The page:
There is also a persistent growling sound coming from somewhere within the walls around us. It’s not a Minotaur hungrily waiting gobble us up in the center of the labyrinth. “This is the constant music of the Temples,” says Platypus, our gentle-mannered guide. It’s the sound of machinery, perhaps a drill or saw, of the creation always in process.

There’s even a woman painting images onto a blank space on a temple wall right as we pass.

One of my favorite temples is The Blue Temple. It’s small and round with a large glass sphere of blue water on the altar. There’s also a beautiful mosaic floor depicting the tarot Star card. I have to tell you that the Star is my favorite tarot card. It’s my guiding card. And, intriguingly, this star goddess mosaic is very similar to my own painted versions of her that I’ve done. She’s got one hand reaching up, gathering water from the heavens, and the other reaching down, pouring water onto the earth.

Platypus tells us that if we each stand right on the heart of the star lady and speak, we’ll hear our voices echoing back to us. It’s the only place in this room where one can do this. I stand on the the center of the star goddess’s chest and recite: From the heart of the Star, I hear the echo of my soul. And amazingly enough, my own voice, smaller and strangely disembodied, speaks back to me. Don’t ask me how they do this.

I’m not about to break the magic spell by firing off a lot of questions.

The next thing I know, part of the star goddess is moving. A small trap door opens up and we descend stairs into further depths below. I remember as child how I always loved fun houses, or spook houses as we sometimes called them. I loved the meandering, shadowy labyrinths that opened up into various chambers rendering mysterious images and archetypes. And now I am walking through narrow hallways painted with Egyptian figures. I watch doorways emerge from the walls and slip thorough trap doors into other rooms. I enter chamber after chamber so full of images I can’t possibly digest them all. So I just breathe and absorb them as I go.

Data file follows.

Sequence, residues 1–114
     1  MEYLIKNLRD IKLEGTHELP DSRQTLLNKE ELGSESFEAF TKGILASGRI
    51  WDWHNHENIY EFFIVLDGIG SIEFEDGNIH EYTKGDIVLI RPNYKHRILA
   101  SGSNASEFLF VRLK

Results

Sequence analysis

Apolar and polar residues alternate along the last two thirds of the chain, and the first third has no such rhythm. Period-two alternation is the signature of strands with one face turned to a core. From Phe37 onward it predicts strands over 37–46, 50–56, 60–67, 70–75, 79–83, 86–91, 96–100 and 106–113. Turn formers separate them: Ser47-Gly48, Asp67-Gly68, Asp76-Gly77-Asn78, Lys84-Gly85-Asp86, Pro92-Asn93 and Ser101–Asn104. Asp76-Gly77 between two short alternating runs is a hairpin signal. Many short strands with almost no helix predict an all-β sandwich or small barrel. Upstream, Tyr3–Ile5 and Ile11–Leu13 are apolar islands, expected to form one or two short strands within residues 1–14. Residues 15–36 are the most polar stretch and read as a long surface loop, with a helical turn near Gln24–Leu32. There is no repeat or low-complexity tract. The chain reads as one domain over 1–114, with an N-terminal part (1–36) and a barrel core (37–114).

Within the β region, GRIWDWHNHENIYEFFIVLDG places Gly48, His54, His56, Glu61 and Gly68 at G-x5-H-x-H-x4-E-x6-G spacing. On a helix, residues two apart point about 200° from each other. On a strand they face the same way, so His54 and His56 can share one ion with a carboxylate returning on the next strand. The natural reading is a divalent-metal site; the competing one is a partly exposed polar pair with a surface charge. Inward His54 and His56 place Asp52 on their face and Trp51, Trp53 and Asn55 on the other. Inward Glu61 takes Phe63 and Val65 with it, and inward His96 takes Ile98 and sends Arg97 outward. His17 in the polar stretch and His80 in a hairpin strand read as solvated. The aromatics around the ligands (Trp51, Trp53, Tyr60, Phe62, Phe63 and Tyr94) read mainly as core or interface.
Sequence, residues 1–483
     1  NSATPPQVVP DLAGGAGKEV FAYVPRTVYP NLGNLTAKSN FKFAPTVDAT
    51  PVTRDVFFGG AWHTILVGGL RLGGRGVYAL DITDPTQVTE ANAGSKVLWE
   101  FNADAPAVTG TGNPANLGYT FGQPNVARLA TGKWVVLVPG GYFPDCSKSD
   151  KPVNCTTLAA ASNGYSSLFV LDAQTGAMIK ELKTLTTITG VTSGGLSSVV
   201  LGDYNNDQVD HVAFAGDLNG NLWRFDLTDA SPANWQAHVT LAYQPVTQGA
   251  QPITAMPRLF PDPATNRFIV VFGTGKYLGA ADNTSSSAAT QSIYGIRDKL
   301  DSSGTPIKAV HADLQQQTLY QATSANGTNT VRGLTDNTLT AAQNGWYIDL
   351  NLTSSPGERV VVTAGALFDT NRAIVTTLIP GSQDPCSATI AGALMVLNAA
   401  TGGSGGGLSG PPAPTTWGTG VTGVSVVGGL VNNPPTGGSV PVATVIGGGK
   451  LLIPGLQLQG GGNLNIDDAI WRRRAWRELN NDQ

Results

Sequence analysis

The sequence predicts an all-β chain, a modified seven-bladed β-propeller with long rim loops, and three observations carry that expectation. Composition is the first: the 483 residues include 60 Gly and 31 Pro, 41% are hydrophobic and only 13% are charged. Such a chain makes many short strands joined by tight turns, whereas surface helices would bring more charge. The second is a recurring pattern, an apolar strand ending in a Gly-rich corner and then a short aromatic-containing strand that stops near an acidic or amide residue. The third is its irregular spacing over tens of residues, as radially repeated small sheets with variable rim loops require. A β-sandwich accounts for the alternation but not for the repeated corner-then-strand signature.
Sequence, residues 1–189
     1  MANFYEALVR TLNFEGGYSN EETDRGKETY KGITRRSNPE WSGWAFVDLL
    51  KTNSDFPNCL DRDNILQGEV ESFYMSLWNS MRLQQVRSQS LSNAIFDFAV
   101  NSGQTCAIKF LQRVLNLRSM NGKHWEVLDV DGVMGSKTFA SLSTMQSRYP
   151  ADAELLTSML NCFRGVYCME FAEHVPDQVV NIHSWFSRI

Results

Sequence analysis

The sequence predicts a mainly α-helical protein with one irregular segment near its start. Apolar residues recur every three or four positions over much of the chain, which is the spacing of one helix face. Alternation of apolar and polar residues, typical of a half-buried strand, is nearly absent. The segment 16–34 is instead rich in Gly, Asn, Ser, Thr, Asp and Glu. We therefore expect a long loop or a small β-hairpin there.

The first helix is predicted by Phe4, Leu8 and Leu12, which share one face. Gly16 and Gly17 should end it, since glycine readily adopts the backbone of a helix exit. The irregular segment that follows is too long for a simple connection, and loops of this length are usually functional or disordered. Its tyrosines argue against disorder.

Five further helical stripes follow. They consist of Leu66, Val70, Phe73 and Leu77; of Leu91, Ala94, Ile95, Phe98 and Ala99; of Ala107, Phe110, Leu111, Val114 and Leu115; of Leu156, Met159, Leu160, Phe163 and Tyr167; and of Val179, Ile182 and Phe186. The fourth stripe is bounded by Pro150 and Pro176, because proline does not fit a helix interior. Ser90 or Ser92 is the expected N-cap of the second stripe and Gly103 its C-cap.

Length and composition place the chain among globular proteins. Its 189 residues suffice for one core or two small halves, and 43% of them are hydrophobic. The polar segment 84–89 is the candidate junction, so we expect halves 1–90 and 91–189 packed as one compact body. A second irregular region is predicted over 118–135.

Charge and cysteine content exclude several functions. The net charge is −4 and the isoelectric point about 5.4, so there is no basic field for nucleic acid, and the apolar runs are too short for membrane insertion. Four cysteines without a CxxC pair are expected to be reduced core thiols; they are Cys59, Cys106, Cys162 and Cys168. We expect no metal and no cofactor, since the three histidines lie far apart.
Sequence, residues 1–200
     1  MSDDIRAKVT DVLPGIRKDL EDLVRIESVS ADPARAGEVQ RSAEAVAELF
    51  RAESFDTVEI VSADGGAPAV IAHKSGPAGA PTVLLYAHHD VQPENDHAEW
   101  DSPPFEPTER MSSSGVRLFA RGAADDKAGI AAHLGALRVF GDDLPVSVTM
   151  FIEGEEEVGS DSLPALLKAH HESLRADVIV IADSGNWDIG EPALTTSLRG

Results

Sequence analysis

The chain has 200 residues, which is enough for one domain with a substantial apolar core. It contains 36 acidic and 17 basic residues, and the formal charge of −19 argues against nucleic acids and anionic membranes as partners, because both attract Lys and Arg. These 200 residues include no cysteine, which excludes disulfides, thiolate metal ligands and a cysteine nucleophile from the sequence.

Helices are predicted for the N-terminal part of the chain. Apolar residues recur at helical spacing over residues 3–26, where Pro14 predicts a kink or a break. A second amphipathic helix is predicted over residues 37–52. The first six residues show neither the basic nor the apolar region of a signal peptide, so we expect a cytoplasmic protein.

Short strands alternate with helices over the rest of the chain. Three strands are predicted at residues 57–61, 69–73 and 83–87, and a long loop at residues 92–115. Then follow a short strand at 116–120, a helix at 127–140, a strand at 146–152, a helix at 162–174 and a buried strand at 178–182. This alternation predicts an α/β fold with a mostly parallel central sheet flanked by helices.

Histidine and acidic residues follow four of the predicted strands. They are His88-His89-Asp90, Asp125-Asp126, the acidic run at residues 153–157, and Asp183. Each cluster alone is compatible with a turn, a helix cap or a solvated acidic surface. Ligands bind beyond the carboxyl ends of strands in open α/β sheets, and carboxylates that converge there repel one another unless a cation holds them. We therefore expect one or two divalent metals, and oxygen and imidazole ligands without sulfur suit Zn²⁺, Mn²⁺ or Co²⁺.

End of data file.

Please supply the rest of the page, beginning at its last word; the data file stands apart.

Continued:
My next favorite temple is the Hall of Water. It’s the temple “of life, death, dreams, knowledge and memory.” The dolphin mosaic floor reminds me of the one I saw in the House of Dolphins on the island of Delos in Greece many years ago. That mosaic, which had been partially destroyed by time, brought tears to my eyes. I’d felt a strange sense of sadness for something long lost.

Now, being here, I understand that what felt lost is being found. A teardrop glimmer of recognition on Delos has become an ocean. I am not so much learning things that are new here. No, the beauty is in the deep recognition that I feel, the sense of so many things and paths I have loved in my life converging into one. And it’s not just in the Temples alone, but in Damanhur as a whole. Only the Temples accentuate this feeling, as they delve into the mysterious interiors of being.

The Hall of Water is shaped like a cylinder. It’s walls, painted in background white, host patterns of spirals, lines, geometrics, serpents, circles, and sacred language all done by Falco. There are also names of several deities from various religions and mythologies. These drawings and words are specifically intended to evoke ancient memories and knowledge, being a sacred library of sorts.